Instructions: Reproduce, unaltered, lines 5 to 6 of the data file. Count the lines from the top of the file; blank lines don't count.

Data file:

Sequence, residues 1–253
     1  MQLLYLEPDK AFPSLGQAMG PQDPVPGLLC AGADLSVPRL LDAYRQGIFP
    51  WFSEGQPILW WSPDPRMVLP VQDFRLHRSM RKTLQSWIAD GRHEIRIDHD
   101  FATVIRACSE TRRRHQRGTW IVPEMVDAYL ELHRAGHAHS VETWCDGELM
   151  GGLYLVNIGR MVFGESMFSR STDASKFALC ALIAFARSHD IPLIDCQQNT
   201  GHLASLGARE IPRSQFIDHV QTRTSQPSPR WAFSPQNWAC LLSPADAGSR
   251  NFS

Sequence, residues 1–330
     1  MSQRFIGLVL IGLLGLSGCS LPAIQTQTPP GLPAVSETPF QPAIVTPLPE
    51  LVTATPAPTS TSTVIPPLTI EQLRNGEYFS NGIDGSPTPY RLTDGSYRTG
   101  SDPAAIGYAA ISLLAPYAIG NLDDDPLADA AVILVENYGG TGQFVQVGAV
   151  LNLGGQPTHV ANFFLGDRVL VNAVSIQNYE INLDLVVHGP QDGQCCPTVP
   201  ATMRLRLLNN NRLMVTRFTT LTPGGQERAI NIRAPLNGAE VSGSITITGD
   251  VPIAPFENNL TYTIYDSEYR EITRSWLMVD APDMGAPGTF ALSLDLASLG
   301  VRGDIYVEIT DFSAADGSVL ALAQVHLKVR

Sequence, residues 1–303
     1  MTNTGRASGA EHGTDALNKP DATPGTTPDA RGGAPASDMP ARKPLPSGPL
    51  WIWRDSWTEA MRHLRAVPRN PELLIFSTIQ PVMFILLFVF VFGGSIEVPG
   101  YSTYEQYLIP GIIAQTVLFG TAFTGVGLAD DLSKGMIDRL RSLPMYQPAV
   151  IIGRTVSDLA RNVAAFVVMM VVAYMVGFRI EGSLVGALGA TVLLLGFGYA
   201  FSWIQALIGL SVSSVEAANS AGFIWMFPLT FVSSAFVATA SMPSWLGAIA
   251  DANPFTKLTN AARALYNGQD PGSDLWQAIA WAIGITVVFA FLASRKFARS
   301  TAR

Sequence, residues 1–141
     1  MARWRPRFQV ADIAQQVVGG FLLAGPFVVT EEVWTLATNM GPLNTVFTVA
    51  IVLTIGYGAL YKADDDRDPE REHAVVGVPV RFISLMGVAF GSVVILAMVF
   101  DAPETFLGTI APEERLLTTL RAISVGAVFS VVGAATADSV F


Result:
   151  GGLYLVNIGR MVFGESMFSR STDASKFALC ALIAFARSHD IPLIDCQQNT
   201  GHLASLGARE IPRSQFIDHV QTRTSQPSPR WAFSPQNWAC LLSPADAGSR